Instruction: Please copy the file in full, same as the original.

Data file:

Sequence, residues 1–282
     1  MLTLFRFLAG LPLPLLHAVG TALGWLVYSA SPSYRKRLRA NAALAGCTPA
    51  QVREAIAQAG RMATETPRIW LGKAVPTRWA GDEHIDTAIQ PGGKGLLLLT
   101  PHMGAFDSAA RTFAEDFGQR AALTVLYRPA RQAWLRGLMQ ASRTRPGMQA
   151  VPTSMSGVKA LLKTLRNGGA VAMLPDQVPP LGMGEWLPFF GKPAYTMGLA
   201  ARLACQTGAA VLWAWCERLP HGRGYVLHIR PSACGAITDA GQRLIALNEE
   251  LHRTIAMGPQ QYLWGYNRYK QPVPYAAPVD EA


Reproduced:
Sequence, residues 1–282
     1  MLTLFRFLAG LPLPLLHAVG TALGWLVYSA SPSYRKRLRA NAALAGCTPA
    51  QVREAIAQAG RMATETPRIW LGKAVPTRWA GDEHIDTAIQ PGGKGLLLLT
   101  PHMGAFDSAA RTFAEDFGQR AALTVLYRPA RQAWLRGLMQ ASRTRPGMQA
   151  VPTSMSGVKA LLKTLRNGGA VAMLPDQVPP LGMGEWLPFF GKPAYTMGLA
   201  ARLACQTGAA VLWAWCERLP HGRGYVLHIR PSACGAITDA GQRLIALNEE
   251  LHRTIAMGPQ QYLWGYNRYK QPVPYAAPVD EA